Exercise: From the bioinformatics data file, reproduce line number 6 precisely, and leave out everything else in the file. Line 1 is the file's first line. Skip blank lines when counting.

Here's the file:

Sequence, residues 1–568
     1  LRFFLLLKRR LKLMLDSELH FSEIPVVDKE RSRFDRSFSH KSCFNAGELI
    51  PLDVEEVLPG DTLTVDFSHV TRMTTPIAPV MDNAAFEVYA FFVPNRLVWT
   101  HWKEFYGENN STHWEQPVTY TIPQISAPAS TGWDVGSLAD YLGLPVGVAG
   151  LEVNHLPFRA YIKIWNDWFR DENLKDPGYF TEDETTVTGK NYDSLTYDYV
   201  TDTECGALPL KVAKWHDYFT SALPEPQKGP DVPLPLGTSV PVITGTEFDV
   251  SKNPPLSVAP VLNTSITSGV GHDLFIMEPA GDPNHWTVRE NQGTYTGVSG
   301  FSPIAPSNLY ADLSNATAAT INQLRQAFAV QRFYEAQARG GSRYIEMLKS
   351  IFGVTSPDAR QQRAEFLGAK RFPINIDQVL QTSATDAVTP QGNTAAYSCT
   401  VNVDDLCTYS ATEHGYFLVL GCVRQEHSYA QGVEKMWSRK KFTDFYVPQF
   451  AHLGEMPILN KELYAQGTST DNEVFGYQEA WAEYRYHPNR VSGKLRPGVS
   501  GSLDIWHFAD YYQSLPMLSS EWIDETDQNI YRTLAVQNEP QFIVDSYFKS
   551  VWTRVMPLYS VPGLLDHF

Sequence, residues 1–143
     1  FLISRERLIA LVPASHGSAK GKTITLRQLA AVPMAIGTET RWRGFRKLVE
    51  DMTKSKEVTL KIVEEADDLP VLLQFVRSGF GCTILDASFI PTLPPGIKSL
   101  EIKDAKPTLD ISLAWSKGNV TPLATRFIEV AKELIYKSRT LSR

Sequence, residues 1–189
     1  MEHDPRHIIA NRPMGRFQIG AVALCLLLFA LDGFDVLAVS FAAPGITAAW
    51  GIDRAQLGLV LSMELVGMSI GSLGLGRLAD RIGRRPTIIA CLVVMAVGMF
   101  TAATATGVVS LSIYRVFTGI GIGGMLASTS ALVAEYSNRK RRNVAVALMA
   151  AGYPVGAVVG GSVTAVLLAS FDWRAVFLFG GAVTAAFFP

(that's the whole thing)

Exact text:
   201  TDTECGALPL KVAKWHDYFT SALPEPQKGP DVPLPLGTSV PVITGTEFDV